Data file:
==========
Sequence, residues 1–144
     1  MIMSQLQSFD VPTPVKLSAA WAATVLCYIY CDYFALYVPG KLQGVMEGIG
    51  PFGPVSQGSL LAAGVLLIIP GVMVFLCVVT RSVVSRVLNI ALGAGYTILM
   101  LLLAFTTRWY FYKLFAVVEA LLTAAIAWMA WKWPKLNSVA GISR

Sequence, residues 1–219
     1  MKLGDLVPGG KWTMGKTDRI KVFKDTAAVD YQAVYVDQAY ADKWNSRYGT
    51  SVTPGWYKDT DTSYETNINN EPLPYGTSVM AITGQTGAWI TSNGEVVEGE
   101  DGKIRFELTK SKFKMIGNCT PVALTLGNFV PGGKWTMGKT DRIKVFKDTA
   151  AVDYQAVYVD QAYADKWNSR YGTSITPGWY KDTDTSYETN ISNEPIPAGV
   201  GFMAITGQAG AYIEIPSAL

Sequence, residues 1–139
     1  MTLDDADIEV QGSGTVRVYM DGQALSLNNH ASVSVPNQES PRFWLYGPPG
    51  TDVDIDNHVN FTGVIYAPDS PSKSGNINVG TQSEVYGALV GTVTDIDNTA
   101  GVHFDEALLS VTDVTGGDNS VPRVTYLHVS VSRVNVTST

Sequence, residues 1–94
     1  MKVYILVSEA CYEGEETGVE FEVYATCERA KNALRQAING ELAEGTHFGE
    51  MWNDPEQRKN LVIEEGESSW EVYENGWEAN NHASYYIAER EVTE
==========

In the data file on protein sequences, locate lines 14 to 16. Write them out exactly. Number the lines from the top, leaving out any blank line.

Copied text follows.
   101  GVHFDEALLS VTDVTGGDNS VPRVTYLHVS VSRVNVTST

Sequence, residues 1–94
     1  MKVYILVSEA CYEGEETGVE FEVYATCERA KNALRQAING ELAEGTHFGE